Here's Far Cry 2 technical director Dominic Guay talking about the importance of "procedural content generation" for massive online games -- basically, using software to create worlds that had previously been hand-built by artists. It makes a lot of sense, but what fascinates me is the narrative possibilities for fiction about games: these procedural systems have or will shortly attain a level of complexity that makes it impossible to predict their outcomes. It's the Halting Problem
-- worlds where software off the rails could generate impossible situations, upside-down worlds, treasure heaps, cowardly monsters and brave grass. I'm thinking especially of abandonware worlds where only a few players remain and the gamemasters have stopped paying close attention. What odd maps might be drawn as the die-hards explore the outermost reaches of these worlds?
"Another big benefit [of procedural content creation] is that you end up being able to do stuff you simply couldn't do otherwise," Guay continued. "It opens up innovation fields. If you're creating things through code, you have a deeper understanding of what you're doing, and you can bake in some limitations."
MIGS: Far Cry 2's Guay On The Importance Of Procedural Content
"Our artists needed to be able to build not a random tree, but a type of tree," he said by way of example. "It's actually much closer to building a particle system than building traditional art assets. Artists play with parameters more than they play with vertices."
Creating those tools allowed artists to define trees based on characteristics gleaned from extensive photo reference, more than to create a number of discrete tree variants based on those references...
When a team member made a seemingly minor after-hours change to the ecosystem, it ended up increasing the asset density of the game world by 25 percent -- resulting in more than a few headaches.
"If I'm tweaking a jungle procedurally, maybe I'll just tweak it in my test map," Guay said. "But when I integrate it into the game, somewhere in the 50 square kilometer game world, maybe in just three small areas, it might cause problems, and we won't find those problems until QA uncovers them."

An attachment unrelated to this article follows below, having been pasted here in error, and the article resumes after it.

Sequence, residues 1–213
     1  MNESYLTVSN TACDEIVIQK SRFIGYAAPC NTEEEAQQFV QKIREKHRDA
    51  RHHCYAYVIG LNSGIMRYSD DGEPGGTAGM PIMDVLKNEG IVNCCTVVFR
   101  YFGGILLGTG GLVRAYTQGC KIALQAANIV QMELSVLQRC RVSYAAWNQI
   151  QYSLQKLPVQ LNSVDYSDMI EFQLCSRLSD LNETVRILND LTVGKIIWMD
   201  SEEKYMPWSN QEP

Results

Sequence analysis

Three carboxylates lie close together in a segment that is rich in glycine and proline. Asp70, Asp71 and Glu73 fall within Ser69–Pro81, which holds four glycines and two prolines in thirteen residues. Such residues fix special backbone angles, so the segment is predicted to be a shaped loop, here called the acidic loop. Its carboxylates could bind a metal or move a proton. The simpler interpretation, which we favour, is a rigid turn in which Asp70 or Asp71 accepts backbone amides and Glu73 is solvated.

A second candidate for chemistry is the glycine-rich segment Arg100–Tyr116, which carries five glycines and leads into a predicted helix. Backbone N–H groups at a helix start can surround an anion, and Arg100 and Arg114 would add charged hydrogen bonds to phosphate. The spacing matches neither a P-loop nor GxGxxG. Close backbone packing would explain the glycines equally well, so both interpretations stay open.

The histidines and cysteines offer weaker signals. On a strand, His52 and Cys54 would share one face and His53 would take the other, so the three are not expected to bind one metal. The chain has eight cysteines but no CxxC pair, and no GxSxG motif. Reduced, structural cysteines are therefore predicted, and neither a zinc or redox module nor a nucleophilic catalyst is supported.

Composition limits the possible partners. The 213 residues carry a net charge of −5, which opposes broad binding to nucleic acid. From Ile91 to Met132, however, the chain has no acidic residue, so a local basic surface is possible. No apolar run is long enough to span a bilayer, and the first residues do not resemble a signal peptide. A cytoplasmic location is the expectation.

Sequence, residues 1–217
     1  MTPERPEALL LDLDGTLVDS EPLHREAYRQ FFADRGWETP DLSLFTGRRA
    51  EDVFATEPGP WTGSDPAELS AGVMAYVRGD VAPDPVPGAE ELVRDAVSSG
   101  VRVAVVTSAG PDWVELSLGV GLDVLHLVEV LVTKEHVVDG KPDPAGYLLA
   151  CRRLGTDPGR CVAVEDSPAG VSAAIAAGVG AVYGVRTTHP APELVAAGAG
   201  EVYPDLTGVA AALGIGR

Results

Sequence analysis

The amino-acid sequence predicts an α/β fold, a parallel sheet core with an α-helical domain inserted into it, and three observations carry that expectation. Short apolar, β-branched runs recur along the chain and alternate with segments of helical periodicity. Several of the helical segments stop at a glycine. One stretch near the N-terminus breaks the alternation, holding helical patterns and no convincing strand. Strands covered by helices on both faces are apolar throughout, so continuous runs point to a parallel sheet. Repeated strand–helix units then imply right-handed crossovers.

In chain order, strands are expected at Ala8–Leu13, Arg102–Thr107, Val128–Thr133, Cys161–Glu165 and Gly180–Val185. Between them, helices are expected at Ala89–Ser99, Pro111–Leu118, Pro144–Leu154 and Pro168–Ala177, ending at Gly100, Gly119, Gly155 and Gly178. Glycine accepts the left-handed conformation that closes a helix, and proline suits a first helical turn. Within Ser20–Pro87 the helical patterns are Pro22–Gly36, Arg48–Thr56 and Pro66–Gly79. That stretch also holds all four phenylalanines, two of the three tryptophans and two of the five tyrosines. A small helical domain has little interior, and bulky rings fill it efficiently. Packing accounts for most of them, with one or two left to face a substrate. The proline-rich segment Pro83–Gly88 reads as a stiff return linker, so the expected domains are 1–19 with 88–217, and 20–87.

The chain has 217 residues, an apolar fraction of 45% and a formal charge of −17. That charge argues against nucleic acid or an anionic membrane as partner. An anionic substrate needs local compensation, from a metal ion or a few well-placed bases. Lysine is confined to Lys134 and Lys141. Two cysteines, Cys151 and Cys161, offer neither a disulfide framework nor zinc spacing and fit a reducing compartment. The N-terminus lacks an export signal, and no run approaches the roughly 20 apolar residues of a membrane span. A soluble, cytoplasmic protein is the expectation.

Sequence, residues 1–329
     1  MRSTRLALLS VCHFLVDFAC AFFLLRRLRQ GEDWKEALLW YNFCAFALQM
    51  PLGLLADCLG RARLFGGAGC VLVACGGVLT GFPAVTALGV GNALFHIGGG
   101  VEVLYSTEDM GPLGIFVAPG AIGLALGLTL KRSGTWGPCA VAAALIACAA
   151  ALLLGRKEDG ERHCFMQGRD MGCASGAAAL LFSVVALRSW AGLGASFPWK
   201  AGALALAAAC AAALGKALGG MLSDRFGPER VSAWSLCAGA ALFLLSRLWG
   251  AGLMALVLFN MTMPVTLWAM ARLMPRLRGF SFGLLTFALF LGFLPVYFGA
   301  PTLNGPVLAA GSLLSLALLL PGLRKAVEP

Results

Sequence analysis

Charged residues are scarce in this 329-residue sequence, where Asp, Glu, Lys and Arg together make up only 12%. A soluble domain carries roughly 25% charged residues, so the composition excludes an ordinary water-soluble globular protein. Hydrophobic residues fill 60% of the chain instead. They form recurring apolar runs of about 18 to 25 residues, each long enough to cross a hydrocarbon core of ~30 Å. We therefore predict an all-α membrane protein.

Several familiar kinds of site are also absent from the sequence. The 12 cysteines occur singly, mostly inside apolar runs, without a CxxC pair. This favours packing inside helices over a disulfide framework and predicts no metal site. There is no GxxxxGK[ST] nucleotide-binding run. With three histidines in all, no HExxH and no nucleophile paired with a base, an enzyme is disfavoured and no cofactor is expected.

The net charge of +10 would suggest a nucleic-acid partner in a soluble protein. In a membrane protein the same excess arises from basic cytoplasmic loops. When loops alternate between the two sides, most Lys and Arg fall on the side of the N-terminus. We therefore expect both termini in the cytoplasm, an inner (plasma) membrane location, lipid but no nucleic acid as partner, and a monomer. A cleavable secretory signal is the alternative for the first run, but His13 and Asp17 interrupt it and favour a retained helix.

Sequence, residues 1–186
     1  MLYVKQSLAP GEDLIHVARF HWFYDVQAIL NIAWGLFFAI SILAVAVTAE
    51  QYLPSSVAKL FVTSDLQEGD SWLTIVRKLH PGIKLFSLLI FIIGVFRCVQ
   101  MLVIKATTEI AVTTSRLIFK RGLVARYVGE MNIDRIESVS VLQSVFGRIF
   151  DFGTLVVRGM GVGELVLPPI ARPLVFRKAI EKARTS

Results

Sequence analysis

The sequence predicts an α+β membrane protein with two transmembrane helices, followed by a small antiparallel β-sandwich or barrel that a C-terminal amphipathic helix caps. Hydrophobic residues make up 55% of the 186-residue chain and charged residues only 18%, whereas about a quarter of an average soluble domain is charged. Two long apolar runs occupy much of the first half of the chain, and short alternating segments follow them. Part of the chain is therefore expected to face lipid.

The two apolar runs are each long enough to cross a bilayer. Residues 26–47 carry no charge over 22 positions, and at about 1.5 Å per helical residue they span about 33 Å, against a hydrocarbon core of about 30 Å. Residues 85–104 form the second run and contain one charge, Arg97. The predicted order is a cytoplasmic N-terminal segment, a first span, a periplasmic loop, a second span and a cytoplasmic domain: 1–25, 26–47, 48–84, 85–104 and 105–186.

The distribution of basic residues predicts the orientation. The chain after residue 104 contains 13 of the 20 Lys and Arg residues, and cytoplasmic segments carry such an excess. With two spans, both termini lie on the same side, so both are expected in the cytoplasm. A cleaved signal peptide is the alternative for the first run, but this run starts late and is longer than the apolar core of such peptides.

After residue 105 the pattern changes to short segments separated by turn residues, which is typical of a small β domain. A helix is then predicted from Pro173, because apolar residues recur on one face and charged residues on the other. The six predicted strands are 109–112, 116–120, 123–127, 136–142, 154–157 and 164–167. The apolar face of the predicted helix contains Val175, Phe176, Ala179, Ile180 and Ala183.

A mere $5,700 (as of current writing) gets you the 1974 first printing of the game that Tactical Studies Rules used to change the world(s).
People need toilets, or the poop starts piling up, so video games that are supposed to simulate human environments need toilets to attain willing suspension of disbelief.
Elan Lee writes, “Bears vs Babies is a monster-building card game from the creators of Exploding Kittens, Elan Lee and Matthew Inman (The Oatmeal). Described as a game of ‘strategic benevolent betrayal’ it has already raised more than $2.5 million in funding on Kickstarter from 67,000 backers. Bears vs Babies completed the original $10,000 funding […]
These days, there’s definitely no shortage of touchscreen gloves available, but the key is finding ones that consistently work well. These iGloves Touchscreen Gloves are super reliable, and are on sale for just $11.99.Super comfortable and functional, these gloves will keep your hands warm and still let you use any touchscreen, from phones to tablets. The iGloves’ […]
The Black Friday Mac Bundle 2.0 is one of the Boing Boing Store’s best-selling Mac bundles yet, and it’s about to come to an end. If you don’t get your copy now, here’s what you’ll be missing:This bundle comes packing 9 top-rated Mac apps in one package, at the hugely discounted price of just $23.99. […]
The Boing Boing Store’s Gift Guide is full of ideas for pretty much anyone in your life like hipster ice cub trays, Xbox controllers, Halo Boards, and even diamond necklaces. As always, all products in the Boing Boing Store come at great discounts, too. Shop by price bucket starting at under $20. Under $20:Bloxx Jumbo Ice Trays […]